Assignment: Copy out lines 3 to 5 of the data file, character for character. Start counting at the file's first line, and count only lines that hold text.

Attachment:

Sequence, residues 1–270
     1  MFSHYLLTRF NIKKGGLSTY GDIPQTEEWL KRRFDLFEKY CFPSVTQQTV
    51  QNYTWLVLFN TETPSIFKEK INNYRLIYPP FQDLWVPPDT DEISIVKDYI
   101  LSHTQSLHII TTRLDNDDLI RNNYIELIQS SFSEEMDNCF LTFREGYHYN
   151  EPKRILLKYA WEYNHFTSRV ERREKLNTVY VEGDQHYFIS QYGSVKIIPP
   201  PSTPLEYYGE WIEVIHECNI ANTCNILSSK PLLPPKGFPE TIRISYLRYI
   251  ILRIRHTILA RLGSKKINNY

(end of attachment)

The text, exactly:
    51  QNYTWLVLFN TETPSIFKEK INNYRLIYPP FQDLWVPPDT DEISIVKDYI
   101  LSHTQSLHII TTRLDNDDLI RNNYIELIQS SFSEEMDNCF LTFREGYHYN
   151  EPKRILLKYA WEYNHFTSRV ERREKLNTVY VEGDQHYFIS QYGSVKIIPP